What's your definition of 'intelligent vehicles'?
'Intelligent vehicles' is a catch-all title for our research because we work on connectivity in vehicles; we work on automation in vehicles; and we work on projects that don't involve either. For instance, intelligence in a vehicle could be a way to achieve improved comfort and convenience features or to improve energy management.
What are the main markets for intelligent vehicles? Cars? Trucks? Public transport?
We're talking all of the above. It's important to remember that the market for intelligent vehicles isn't just so that people can move around more safely, comfortably and conveniently. It's about moving goods, too. Whatever market WMG is working in, however, it has to make sure it's here to solve problems and create new opportunities for customers and for our industry partners. Our role is to help UK companies exploit the significant emerging business opportunities through collaborative research, and through provision of new skills and education programmes.
Who are the main players in the intelligent vehicles market?
It's interesting because things have moved beyond traditional automotive companies now. At WMG, we do work with traditional companies and their supply base, of course; but there are new types of designer-manufacturers on the scene too. For example, in low-speed autonomous transport there are companies such as Aurrigo — the autonomous vehicle division of RDM Group — which designs and manufactures low-speed driverless pods here in Coventry. It is also important that we work with other key sectors too, such as wireless communications, simulation and transport infrastructure. Collaboration with authorities such as Transport for West Midlands is also crucial.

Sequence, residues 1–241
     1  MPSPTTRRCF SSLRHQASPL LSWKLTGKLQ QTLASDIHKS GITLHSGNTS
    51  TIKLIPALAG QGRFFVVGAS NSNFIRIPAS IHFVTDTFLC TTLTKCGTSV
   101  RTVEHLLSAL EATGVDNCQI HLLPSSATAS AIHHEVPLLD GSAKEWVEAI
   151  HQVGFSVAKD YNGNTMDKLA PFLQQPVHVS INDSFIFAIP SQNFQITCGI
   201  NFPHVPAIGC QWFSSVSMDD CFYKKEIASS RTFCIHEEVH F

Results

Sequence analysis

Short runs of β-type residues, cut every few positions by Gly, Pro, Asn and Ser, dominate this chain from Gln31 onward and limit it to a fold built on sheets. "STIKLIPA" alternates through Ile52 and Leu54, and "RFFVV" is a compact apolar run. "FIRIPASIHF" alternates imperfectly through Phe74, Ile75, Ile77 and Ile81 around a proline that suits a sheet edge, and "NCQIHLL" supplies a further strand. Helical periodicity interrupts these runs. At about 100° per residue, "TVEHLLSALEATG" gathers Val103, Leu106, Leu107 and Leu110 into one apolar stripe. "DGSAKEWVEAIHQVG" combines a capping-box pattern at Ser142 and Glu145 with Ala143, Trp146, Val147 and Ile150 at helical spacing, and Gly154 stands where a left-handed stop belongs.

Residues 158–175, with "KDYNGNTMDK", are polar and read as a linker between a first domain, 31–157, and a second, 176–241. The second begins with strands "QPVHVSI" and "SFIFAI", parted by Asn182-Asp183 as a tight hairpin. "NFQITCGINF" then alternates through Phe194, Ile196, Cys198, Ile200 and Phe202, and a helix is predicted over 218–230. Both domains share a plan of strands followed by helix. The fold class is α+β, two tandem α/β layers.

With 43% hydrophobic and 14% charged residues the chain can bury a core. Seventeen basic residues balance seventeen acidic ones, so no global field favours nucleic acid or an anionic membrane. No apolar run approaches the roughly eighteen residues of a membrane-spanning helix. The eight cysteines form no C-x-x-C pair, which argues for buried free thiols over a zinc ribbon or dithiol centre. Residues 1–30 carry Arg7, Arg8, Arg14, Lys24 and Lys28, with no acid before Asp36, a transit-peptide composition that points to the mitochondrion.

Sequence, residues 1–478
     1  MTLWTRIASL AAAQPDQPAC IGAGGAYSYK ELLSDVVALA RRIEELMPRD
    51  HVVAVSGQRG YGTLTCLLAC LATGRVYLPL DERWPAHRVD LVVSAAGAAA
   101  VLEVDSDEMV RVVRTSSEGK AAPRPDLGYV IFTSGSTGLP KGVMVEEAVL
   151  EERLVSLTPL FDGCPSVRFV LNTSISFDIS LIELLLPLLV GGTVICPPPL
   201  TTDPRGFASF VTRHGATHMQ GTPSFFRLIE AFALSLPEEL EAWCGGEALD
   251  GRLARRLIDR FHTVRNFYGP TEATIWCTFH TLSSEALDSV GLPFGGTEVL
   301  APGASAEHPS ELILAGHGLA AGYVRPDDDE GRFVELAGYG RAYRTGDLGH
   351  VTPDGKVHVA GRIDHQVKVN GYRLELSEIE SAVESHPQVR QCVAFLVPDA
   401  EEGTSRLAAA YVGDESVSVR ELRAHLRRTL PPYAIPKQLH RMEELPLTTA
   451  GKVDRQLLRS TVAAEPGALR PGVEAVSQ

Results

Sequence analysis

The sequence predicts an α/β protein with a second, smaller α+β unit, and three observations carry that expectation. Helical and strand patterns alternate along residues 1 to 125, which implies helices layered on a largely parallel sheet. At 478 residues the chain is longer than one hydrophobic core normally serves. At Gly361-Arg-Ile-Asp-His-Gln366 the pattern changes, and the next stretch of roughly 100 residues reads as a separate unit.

What are the main commercial drivers for companies in the intelligent vehicles space?
I'd put safety at the top of the agenda because, first and foremost, everyone wants to be safe. Then there are lower emissions and better energy efficiency. I don't think we can necessarily expect intelligent vehicles to reduce congestion, but they should be able to give us much better estimates about journey times. Also, there's a chance to make different modes of transports work better together — for example improving links between road and rail.
How can UK companies best take advantage of the commercial opportunities they identify?
The Midlands Future Mobility environment we, and our consortium partners, are creating is very exciting and will give real advantages to UK companies. It's going to be a place where they can come to trial their new vehicles, technologies and services in the real world, with proper public and user-engagement. That's a great opportunity for them to learn more from trials, and have the process made easier for them. It's also good for the Midlands which will experience those new technologies and services earlier than everyone else.
How do you see commercial opportunities developing in the future?
I think the whole supply chain will change dramatically. There will be an increasing importance on software, sensors, perception systems and connected components. But I think, over time, business models will change more dramatically as transport becomes more of a mobility-focused service industry, with customers buying 'journeys' rather than 'vehicles'.
Comment from Siddartha Khastgir, Head of Verification and Validation, Intelligent Vehicles at WMG, reveals how the public views advanced driver-assistance systems (ADAS) — and if these technologies might help with the development of driverless vehicles.
How were advanced driver-assistance systems first received by the public?
When first introduced in the mid to late 1990s, ADAS was largely given a positive reception because applications such as adaptive cruise control (ACC) and anti-lock braking (ABS) were marketed as important safety features — and safety always plays well with the public. But by the early 2000s, trust in ADAS had began to plummet. One reason for this is that the limitations of some ADAS features were not always made clear to drivers, who only discovered their shortcomings by using them. That stands to reason: if I think a system works all the time, but then it suddenly stops working, my trust in it will fall.
How is ADAS received — and used — today?